The Chinese threat has not receded and the Chinese leadership still looks to Mao for guidance, the author argues.
The book’s title says it all: China is inside India, a malefic presence that has penetrated the country and seeks to destroy it from within. The author, a former customs official turned foreign policy analyst, believes the Chinese leadership will not rest until it has finished off India, either by breaking it into pieces or rendering it inconsequential in the Asian scheme of things.
The sad part, according to him, is the role of a set of Indians who have conspired with the Chinese grand strategic aim of crippling India. This has happened before and is happening now.
The author’s mindset appears to have been greatly affected by the Naxalite uprising in West Bengal and their slogan: “China’s chairman is our chairman”. He writes that he has “been a firsthand witness to, and the ‘victim’ of, Communist China’s deep penetration into West Bengal,” which began in the 1960s.
West Bengal, according to him was a “living laboratory of (a) political experiment” where “China got readymade foot soldiers in an alien land, fighting for them and espousing their unethical, illegal and aggressive cause, with dedication, devotion and determination even if it resulted in their (the Indian Hindu Bengalis’) decimation.”
The Chinese threat has not receded and the Chinese leadership still looks to Mao for guidance, the author argues. “Does not India know that the 21st century Chinese supremo Xi Jinping is the political “reincarnation” of Mao Zedong of the 20th century? ...who wholeheartedly has endorsed Mao, with the open backing of the sole ruling party of Beijing?”
The book progresses along similar alarmist lines. In the chapter on “One Belt: One Road”, he reiterates the continued existence of the “lurking danger from the Chinese side as Beijing, to this day, has not reconciled to India’s rise as an independent sovereign nation to stand up to the pulls, pressures and bullying of the Hans of mainland China. No doubt India (at its best) is hardly 30 per cent of China in every sphere of nation-building enterprise, yet India does exist where it was never to be seen before. And this is the real cause of the rabid anti-India action of Beijing.”
China’s economic rise too is viewed as a clear and present threat: “The Chinese seem to be in no mood to restrain their economic and commercial march over India. One rarely has seen such a helpless India before.” The Indian government’s decision to allow Chinese companies, including banks, to operate within India and open the floodgates to China imports is fraught with great risk, the author feels.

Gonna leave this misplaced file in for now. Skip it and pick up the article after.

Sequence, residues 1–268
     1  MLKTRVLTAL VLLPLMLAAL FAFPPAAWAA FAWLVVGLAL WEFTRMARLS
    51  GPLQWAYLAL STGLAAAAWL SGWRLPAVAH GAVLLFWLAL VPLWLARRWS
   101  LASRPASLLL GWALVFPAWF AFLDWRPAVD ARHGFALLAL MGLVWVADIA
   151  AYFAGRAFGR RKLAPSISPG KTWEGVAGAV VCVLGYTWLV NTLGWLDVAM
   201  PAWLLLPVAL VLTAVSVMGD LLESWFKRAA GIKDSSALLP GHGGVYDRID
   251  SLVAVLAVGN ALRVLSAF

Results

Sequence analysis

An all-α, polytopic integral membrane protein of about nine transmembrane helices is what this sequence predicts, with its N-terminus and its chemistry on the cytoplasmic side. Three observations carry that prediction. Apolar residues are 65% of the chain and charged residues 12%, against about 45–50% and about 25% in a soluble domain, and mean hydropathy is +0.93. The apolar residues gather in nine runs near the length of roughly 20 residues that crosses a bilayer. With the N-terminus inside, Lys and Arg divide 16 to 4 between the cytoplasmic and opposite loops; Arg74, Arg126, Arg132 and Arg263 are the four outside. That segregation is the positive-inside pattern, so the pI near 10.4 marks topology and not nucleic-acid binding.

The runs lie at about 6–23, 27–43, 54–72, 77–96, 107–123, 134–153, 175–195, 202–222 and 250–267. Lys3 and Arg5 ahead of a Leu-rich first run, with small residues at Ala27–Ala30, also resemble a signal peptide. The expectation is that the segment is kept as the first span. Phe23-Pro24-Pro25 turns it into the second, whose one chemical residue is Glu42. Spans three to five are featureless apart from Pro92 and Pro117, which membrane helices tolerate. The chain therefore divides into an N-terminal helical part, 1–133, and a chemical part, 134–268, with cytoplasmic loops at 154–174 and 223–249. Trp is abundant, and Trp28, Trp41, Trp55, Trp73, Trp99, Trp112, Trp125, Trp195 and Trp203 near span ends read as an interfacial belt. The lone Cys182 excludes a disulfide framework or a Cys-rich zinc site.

He points to the fact that India already has a $50 billion trade deficit with China. “This in the long run will harm India no end”, the author opines, “and there may come a time, and not too distant in the future, when India will regret the colossal loss caused due to industry, employment, macro-economic policy and planning, leading to possible internal turbulence, civil unrest and political chaos, resulting in unforeseen and unanticipated dislocation in society.”
“…India’s penchant for opening doors to contemporary China is akin to the way India was prised opened by foreign invaders in the 8th century through the sword and again through the sweet words of initial charm offensive of the Europeans in the 17th century, to ultimately surrendering to both, thereby losing both economics and sovereignty for hundreds of years.”
The author is equally pessimistic about the future: “How then does one proceed with China’s determined bid to enter India? How does Beijing fulfill its mission — “China in India”? To this author, whatever be the long-term consequences and outcome therefrom, Chinese bullying and ‘forward thinking’ will keep India under permanent pressure which ultimately will do more harm to India and ultimately help China in a big way.”
A major shortcoming of the book is its terrible editing. The book does not appear to have passed through the hands of a competent editor as a result of which its serious intent is greatly diluted. The wrong grammar in some places and a certain amount of repetitiveness should have been avoided.
The book is written in the style of the 19th century European pamphleteers who wanted to rouse their often disinterested public and phlegmatic Parliament. They took to writing highly provocative, often exaggerated accounts of real and imagined threats such as the Russian threat to British India, which ultimately triggered the “Great Game” in Central Asia.
The idea was to foment outrage against a particular country or domestic policy, thereby setting the agenda and influencing public debate. Mr Bhattacharyya appears to be set upon the same path. He is convinced that already it might be too late to save the country: “China already appears to have dug too deep to be uprooted. Yet India may still try. It may look to be a tad late in the day; but it is never too late for a nation of 1.25 billion heads to try to correct the mistakes of the past and the proposed misjudgements of the present.”